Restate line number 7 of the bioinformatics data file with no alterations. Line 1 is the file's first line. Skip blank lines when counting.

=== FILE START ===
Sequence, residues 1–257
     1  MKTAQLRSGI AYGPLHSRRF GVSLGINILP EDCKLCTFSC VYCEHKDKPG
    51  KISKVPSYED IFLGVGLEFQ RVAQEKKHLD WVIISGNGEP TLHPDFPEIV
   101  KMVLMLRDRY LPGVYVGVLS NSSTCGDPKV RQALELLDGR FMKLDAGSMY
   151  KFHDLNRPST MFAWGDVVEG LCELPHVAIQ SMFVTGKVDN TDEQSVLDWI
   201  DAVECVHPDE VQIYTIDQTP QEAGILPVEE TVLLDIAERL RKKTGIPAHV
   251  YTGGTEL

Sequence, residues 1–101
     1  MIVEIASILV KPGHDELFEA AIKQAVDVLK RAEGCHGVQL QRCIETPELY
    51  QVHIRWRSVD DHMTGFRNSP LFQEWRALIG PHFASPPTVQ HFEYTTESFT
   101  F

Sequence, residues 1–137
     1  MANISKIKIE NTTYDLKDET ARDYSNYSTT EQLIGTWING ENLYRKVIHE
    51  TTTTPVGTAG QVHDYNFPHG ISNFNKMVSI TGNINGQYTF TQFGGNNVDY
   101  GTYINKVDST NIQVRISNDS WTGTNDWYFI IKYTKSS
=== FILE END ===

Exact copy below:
   251  YTGGTEL